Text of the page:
New Focus for Treating Vision Loss

The eyes may be the window to the soul, but they also offer a glimpse into the potential for stem cell-based regenerative medicine to revolutionize the treatment of blindness, perhaps in the not-too-distant future.

Late-stage retinitis pigmentosa (RP) and age‐related macular degeneration (AMD) are each distinct diseases of the eye that gradually result in the loss of central vision. The former is a rare set of genetic disorders resulting in the death of light-sensitive rod photoreceptor cells in the retina. The latter is the most common cause of vision loss in people over the age of 50, and involves the gradual degradation of light-sensitive cone photoreceptor cells in the retina (called the macula). The progressive loss of photoreceptors in both cases can lead to similar dark outcomes, for which there is currently no cure.

Armed with an OIRM Disease Team research grant, a consortium of Toronto-based researchers led by lead investigator Dr. Valerie Wallace at University Health Network hopes to shed new light on potential cell-based treatments for AMD and RP.

“In terms of treatment for these diseases, the only thing that’s available right now is to try and slow down the degeneration, which is not good news for the people who live with AMD or RP,” says the University of Toronto’s Dr. Derek van der Kooy, a co-investigator on the team. “Of course, this doesn’t help anyone who is already blind. What’s exciting about the regenerative medicine approach is that we may be able to reverse blindness in people who do not have photoreceptors, either by transplanting them in or activating stem cells within a patient’s eye to make new photo receptors. This could really revolutionize the treatment of blindness.”

Dr. van der Kooy notes that the team is exploring three distinct approaches to the creation of new therapies for these diseases. The first essentially involves making photoreceptors in a dish in the lab and transplanting them into eyes affected by AMD or RP. In October 2020, Dr. van der Kooy and another OIRM co-investigator from the University of Toronto, Dr. Molly Shoichet, published results from a mouse model study that concluded injecting a combination of retinal pigmented epithelium (RPE) cells and rod photoreceptors restored some vision in mice with advanced stages of blindness. The authors concluded that the combination approach – delivered into the eye via a minimally-invasive hydrogel developed by Dr. Shoichet – was more effective than injecting either RPEs or photoreceptors alone.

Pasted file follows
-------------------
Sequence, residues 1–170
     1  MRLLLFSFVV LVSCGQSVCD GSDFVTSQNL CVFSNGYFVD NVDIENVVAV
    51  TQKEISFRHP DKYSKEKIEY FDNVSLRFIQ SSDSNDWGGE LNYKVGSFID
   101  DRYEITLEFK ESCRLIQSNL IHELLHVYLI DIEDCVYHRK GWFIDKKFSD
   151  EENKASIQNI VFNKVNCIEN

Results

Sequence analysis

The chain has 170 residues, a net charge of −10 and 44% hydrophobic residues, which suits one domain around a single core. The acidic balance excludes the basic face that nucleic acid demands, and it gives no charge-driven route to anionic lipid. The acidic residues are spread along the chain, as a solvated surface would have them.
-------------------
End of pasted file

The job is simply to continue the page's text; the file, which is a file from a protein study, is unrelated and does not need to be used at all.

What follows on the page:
The second approach, led by Drs. Wallace and Shoichet, seeks to slow disease progression and stave off blindness by controlling the transmission of key elements from injected photoreceptor cells to surviving host cells within the retina of AMD- or RP-damaged eye – a process known as material transfer.

The third uses small-molecule medications (most prescription pharmaceuticals fall into this class) to stimulate activation of retinal stem cells in the eyes of blind patients to produce new photoreceptors, essentially rebuilding the eye from the inside. If successful, this approach may have the added benefit of being a non-invasive solution that also avoids the potential of immunological reaction to donated cells. The challenge with this approach is to avoid the over-proliferation of retinal cells, which if left unchecked could grow into a tumour. The other challenge is that the newly produced photoreceptors in the eye will have the same mutations that cause death of the photoreceptors. However, the newly produced photoreceptors should last for decades before they again begin to die. Dr. Shoichet is leading work on a drug delivery vehicle that controls the length of time the cells proliferate.

This research is conducted in collaboration with Endogena Therapeutics, a Swiss-American company with a focus on addressing unmet medical needs associated with aging and genetic diseases. Endogena – which will develop novel drug molecules for the project – opened a satellite office in the MaRS Discovery District to be closer to the expertise found in Toronto-based retinal research labs.